Ukraine’s current president, Volodymyr Zelensky, won his election by promising to bring peace to the country. Yet as a February 9th New York Times article points out, armed fascist groups play an outsized role in setting policy:
Ukraine’s president, Volodymyr Zelensky, has few cards to play in any talks with Moscow. Perhaps his strongest is the threat of an insurgency by nationalist groups like Democratic Ax and the even more influential Right Sector in the event of a Russian invasion.
But the groups are a two-edged sword, threatening not just the Kremlin but also the Ukrainian government, which could be rocked and possibly overthrown by them if Mr. Zelensky agrees to a peace deal that in their minds gives too much to Moscow.
Ukraine’s foreign minister and defense minister have both said in recent days that the greatest risk the country faces is internal destabilization under the threat of a Russian invasion, not an actual attack.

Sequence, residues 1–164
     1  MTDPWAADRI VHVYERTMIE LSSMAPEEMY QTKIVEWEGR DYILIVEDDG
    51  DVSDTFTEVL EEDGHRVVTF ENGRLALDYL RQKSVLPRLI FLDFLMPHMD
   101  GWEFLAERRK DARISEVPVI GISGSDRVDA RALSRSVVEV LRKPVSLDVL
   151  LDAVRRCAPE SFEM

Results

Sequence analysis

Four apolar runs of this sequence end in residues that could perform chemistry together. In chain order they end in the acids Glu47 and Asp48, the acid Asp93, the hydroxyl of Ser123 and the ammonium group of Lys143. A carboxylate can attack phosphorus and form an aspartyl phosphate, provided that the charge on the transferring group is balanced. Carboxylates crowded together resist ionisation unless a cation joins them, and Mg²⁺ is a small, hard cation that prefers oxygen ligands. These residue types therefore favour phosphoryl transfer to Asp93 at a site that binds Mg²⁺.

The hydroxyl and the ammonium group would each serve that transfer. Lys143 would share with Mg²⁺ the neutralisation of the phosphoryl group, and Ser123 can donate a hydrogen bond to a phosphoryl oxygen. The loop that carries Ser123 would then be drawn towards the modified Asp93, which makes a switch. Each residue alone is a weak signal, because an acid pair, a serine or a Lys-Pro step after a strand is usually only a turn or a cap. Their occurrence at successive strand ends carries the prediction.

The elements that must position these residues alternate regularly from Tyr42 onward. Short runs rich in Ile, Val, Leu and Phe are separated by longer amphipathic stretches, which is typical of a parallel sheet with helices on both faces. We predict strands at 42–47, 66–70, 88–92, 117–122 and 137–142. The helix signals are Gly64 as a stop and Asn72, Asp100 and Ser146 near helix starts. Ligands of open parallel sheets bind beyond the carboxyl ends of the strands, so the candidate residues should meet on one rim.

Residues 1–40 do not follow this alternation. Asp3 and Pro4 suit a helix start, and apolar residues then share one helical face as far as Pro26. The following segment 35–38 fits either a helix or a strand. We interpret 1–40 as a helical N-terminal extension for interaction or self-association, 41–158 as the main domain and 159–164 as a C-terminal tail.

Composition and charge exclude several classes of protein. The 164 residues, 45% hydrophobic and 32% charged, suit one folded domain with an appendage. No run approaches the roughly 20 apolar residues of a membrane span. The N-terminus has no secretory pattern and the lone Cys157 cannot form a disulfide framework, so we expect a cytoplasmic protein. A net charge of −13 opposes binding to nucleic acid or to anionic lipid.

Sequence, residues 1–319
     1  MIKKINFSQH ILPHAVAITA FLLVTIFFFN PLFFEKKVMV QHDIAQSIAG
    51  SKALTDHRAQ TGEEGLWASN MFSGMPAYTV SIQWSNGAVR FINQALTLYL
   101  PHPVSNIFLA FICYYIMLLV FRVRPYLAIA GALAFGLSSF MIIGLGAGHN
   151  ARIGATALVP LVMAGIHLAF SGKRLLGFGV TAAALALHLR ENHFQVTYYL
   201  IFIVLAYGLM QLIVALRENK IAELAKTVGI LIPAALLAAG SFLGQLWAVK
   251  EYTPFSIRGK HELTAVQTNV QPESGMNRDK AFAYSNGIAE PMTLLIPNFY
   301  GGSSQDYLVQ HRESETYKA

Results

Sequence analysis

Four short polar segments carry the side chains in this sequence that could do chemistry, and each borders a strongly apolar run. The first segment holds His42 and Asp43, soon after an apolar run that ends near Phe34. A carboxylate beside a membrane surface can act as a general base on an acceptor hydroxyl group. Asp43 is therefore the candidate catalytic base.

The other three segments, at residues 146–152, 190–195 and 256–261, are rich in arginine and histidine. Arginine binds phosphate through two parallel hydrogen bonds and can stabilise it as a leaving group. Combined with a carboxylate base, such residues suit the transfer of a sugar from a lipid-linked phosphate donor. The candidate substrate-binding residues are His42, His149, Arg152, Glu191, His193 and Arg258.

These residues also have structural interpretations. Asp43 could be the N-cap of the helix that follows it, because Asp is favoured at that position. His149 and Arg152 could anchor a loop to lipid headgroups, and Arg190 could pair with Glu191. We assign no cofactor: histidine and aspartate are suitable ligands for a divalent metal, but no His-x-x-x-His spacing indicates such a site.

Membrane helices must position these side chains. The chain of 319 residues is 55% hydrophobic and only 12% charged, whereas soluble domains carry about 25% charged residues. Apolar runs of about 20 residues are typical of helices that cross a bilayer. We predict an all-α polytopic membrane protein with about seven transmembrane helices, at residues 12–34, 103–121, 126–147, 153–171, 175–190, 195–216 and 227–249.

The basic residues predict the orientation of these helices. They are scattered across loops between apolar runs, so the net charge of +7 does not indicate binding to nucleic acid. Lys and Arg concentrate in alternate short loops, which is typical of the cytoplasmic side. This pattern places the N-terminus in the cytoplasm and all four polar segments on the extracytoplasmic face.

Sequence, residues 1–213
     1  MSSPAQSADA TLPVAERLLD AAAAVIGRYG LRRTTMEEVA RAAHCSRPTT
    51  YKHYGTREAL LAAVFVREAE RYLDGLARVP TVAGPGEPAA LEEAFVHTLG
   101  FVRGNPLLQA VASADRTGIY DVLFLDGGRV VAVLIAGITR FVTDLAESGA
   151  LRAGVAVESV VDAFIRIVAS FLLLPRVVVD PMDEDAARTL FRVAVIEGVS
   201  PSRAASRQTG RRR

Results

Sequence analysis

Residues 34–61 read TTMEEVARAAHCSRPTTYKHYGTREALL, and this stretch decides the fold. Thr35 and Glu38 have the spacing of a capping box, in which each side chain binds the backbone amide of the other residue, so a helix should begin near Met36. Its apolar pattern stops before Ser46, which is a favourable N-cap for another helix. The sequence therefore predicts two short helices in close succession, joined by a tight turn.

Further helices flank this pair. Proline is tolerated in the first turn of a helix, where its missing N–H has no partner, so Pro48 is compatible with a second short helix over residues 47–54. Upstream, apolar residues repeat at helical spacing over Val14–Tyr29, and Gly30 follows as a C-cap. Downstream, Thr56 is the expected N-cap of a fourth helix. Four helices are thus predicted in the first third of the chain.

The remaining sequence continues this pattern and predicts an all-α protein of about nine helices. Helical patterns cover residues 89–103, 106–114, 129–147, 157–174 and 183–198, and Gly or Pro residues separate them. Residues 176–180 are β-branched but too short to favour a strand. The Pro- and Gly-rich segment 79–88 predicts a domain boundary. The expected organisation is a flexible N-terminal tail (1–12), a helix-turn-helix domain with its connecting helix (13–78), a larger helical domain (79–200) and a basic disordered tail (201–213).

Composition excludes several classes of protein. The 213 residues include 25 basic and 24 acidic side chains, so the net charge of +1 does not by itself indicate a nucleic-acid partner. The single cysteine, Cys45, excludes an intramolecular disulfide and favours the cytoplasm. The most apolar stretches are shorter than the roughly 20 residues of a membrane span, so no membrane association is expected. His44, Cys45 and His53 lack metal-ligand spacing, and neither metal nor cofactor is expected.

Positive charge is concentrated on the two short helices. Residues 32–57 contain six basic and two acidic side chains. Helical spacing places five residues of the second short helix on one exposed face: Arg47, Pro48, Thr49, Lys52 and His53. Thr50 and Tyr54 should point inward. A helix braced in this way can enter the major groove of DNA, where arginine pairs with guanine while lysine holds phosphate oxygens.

And in a country whose citizens have twice taken to the streets in the post-Soviet period and unceremoniously booted out governments seen as doing Moscow’s bidding, this is no idle threat. Analysts say that Mr. Zelensky would be taking extreme political risks even to entertain a peace deal, which is why he is so careful not to talk about possible avenues for negotiations.
When Zelensky dropped out of the Minsk Agreement negotiations last Spring, he announced that the only “solution” to bring peace was NATO intervention, music to the ears of Wall Street and the Pentagon.
No war with Russia! Dissolve NATO – End U.S. Imperialism! Defund the Pentagon! End Sanctions Against Russia, Cuba, Venezuela and other nations! Money for health care, education, jobs, housing … Not Wars Abroad!